The Threats make their mark with an addictive debut. With its brash and unrelenting sound, Saboteur is a pull-no-punches brawl that will leave you wanting more.
If ever I thought there could be a spiritual successor to Every Time I Die, the first band to come to my mind would be The Threats. A confident and chaotic style shines on each of their tracks. There is a strong southern rock sound similar to other bands like Maylene and the Sons of Disaster that informs the quintet’s work. Hailing from Atlanta, Georgia, The Threats have a very brief history. Beginning recently, in September of 2017 to be exact, the members came together after the dissolve of The Chariot, a band vocalist Bryan Taylor, drummer David Kennedy, and guitarist Jon Terry were previously members of. Their time spent with the group has shaped the sound that this new band has cultivated on their first outing, Saboteur.
One of my personal favorite aspects of Saboteur is how welcoming it feels; there is a great deal of familiarity within the songs. This is to be expected, given the members’ history. With many first outings from bands, there can be an experimentation of styles, trying to find what fits for them, but The Threats obviously knew what kind of sound they were looking for. Distortion in the guitars is not too high to drown out the more complex, fun parts, and the drums aren’t trying to do too much and work against the song as a whole. Taylor’s vocals feel right at home, with just as much harshness as clarity to them. As a whole, the album works together to form a cohesive juggernaut of a debut for the band.
Giving the listener no pause, Saboteur starts off abrupt and heavy. The southern rock roots sprout right away as the guitars twang, leading into Taylor’s raspy vocals. Immediately the superb production quality can be heard. “The Wrong Man” perfectly captures the ‘organized chaos’ found throughout the rest of the album. Its lyrical themes are very reminiscent of ETID, with some parts conflicting others in an entertaining way. I could easily call “The Wrong Man” one of the more formulaic tracks on the album, yet it doesn’t take away from the overall strength of Saboteur as a whole.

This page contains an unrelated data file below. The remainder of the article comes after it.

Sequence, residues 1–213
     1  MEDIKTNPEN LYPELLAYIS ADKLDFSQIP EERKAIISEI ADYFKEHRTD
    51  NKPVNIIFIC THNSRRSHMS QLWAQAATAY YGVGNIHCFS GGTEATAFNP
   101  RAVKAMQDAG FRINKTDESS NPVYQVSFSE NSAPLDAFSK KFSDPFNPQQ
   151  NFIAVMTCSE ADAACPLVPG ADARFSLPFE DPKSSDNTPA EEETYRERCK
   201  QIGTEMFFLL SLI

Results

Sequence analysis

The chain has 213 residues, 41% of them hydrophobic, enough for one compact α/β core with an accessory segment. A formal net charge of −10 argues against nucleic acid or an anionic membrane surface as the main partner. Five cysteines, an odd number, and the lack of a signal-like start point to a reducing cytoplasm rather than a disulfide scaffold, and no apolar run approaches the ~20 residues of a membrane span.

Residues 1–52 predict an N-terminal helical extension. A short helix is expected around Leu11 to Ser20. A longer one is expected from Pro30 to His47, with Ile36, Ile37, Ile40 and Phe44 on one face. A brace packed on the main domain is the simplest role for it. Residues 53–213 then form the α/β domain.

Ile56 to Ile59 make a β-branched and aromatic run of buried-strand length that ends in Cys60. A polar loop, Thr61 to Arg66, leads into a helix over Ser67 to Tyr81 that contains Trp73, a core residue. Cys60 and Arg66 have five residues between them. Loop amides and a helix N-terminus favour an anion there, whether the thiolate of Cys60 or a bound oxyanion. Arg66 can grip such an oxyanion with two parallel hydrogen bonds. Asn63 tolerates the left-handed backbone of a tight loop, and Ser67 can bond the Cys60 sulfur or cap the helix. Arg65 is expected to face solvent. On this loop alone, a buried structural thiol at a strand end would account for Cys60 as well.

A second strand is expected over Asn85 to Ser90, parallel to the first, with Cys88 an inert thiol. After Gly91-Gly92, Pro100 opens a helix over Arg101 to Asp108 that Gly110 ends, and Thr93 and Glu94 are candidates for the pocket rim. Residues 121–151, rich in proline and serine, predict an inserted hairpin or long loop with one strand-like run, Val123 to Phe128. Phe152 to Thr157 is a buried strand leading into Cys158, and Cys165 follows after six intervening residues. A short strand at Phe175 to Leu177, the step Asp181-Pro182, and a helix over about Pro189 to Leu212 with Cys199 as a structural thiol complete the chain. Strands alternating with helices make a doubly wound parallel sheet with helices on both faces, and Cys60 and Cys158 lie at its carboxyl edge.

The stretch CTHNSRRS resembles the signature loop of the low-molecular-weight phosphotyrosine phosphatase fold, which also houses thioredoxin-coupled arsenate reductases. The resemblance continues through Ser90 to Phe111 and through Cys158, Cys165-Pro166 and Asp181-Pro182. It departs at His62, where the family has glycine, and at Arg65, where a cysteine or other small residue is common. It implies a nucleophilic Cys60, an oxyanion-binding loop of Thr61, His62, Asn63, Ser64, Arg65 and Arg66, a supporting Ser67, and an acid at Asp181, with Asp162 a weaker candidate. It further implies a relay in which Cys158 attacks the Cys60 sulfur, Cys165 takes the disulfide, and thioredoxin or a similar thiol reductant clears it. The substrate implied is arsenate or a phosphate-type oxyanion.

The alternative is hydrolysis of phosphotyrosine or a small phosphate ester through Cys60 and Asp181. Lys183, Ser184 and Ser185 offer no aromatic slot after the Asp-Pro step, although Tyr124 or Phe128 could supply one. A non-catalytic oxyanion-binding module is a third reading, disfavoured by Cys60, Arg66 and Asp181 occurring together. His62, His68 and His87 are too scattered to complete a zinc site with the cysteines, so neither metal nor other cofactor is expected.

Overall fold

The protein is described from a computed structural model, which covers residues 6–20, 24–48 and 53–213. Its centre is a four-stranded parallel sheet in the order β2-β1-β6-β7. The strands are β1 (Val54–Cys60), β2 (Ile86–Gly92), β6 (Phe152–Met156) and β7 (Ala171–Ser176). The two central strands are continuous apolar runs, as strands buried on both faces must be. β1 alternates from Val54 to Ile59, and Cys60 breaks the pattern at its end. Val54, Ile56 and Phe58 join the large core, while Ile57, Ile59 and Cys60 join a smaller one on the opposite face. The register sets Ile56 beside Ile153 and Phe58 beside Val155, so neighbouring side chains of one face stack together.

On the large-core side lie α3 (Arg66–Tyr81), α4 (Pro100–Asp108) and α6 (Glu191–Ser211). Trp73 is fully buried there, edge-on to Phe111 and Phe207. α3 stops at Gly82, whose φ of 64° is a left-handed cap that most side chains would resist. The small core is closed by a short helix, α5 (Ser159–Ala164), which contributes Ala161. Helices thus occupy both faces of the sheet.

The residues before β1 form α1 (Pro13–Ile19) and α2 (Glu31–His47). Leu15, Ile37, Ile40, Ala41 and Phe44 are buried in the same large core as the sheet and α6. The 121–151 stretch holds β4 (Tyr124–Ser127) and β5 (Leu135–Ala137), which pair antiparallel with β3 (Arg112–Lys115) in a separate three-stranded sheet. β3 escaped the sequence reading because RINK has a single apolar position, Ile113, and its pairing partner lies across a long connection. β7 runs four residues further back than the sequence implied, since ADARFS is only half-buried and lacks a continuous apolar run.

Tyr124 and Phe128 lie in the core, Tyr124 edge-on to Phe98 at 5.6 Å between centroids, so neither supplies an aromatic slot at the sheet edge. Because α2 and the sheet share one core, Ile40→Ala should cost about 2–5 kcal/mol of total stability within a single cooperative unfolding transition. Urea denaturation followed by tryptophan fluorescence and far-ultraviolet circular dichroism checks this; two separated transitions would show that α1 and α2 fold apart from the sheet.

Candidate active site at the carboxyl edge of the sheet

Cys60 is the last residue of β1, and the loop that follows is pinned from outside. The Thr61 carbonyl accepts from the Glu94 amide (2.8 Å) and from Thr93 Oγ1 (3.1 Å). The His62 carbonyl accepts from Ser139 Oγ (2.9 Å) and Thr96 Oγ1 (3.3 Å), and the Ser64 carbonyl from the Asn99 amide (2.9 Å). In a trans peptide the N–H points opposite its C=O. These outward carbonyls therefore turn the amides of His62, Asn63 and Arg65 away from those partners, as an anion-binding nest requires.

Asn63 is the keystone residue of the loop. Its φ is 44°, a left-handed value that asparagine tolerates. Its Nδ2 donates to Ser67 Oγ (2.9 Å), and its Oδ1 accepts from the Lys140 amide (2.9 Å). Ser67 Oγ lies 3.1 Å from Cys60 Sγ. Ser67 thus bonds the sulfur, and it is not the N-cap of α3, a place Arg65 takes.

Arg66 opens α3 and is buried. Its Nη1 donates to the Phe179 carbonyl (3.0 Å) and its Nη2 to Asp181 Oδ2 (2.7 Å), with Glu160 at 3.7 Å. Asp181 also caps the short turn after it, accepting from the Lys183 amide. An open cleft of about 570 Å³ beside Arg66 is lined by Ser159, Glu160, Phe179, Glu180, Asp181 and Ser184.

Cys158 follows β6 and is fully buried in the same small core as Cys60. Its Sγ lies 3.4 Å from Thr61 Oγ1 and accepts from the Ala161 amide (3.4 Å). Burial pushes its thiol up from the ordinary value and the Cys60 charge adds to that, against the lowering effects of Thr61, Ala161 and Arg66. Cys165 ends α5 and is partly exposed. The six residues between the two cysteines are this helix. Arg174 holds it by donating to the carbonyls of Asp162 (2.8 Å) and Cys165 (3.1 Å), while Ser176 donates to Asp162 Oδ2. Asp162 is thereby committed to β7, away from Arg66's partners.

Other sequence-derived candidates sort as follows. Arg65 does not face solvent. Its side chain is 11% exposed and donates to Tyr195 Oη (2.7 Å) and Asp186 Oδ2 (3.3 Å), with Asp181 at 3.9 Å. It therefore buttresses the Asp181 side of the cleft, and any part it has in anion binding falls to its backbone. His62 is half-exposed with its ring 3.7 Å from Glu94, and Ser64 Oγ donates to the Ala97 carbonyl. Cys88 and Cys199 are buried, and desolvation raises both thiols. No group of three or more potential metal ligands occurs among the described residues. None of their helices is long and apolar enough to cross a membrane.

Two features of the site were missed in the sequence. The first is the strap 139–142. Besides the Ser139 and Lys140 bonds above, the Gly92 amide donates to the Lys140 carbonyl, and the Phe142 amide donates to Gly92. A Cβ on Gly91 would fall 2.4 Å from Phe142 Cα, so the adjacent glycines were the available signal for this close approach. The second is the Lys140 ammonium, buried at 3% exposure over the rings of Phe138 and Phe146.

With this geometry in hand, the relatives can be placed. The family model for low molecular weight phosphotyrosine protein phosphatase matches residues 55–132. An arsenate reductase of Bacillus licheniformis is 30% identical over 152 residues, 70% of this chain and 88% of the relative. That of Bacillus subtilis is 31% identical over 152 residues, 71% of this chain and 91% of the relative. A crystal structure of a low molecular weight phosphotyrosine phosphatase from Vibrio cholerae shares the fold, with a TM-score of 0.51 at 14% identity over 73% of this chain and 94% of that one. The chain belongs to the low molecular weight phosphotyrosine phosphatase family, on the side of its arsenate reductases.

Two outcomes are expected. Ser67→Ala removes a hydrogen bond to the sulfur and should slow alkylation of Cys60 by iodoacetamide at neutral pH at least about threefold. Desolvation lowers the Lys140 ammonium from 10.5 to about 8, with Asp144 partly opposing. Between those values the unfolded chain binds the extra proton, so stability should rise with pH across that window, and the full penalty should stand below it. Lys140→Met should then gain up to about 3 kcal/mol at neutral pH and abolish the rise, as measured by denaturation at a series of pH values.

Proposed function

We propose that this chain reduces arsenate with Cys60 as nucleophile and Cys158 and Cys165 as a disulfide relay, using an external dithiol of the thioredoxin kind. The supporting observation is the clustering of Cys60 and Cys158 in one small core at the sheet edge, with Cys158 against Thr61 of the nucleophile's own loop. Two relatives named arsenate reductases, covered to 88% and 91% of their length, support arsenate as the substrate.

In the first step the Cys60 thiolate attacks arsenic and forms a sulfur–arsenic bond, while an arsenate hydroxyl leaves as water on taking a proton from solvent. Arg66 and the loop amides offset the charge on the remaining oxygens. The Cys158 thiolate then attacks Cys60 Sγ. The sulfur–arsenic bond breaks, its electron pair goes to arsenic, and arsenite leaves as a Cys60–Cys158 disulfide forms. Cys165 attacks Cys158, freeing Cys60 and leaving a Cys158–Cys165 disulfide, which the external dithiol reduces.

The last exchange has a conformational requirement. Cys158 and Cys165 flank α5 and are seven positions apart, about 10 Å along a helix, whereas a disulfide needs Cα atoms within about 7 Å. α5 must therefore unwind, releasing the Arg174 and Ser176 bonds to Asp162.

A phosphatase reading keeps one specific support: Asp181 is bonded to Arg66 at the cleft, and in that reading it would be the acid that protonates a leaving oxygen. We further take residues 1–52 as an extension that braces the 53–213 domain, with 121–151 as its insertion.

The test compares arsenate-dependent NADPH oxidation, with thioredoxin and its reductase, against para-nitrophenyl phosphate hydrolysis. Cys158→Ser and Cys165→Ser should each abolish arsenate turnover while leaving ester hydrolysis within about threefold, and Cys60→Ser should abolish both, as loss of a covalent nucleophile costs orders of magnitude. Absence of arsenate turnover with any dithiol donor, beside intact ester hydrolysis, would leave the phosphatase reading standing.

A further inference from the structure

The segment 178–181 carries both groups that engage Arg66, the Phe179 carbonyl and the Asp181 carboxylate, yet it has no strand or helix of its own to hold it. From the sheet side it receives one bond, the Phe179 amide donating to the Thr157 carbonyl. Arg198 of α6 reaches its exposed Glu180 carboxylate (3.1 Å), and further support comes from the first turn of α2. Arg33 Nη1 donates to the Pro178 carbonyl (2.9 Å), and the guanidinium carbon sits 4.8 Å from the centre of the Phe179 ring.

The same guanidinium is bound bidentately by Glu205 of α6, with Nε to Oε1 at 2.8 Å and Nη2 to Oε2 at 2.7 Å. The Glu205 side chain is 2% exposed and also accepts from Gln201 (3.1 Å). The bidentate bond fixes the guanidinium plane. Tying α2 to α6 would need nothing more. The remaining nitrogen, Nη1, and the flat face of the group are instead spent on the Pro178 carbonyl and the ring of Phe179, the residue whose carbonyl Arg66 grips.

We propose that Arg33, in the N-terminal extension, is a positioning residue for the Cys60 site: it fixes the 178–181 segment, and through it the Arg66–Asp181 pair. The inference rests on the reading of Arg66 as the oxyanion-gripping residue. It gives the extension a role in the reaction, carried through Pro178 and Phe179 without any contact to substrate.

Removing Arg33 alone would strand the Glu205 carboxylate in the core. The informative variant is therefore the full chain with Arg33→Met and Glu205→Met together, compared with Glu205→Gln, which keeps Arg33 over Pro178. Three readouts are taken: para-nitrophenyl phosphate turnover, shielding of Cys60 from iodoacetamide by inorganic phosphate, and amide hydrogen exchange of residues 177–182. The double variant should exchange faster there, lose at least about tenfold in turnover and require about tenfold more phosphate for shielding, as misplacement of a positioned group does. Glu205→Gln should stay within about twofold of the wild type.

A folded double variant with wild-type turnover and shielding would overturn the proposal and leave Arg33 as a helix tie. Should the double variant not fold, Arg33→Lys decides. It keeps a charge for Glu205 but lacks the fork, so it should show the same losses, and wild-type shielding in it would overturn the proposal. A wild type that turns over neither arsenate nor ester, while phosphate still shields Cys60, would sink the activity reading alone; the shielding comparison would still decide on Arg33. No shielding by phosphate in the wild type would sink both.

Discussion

Probably my favorite track on the album, “Rich and Strange” is the true culmination of The Threats‘s inspirations. With one of the more rare cleanly sung sections, the song is equal parts upbeat and foreboding. The breakdown midway through is likely my favorite part of Saboteur. Once again, it’s nothing new or particularly inventive; it is, however, incredibly catchy, and no matter what I did, I couldn’t resist banging my head a little every time I heard it. Following this, there is a section that I could easily see being in an ETID song, thanks to its driving chord progression and familiar lyrical concept. The Threats still have not strayed away from their comfort zone with “Rich and Strange”, but there is still so much gratification to be found in songs like this.
Saboteur is an incredibly fun album that I know will have ample playtime in my future, but I am having a hard time placing it on my AOTY list. While it is boisterous and even groovy at times, it isn’t pushing any boundaries. The Threats have found themselves a comfortable niche in what they have; however, they do not expand past the roots they grew from. It truly does feel like many of the tracks could be a combination of Every Time I Die and The Chariot, with some neat accents thrown into a few songs to try to make it their own. This is not to detract from the immense enjoyment that is Saboteur. There is incredibly promise coming from this release, and I hope to see The Threats begin to grow their own style with their next project and truly blow me away.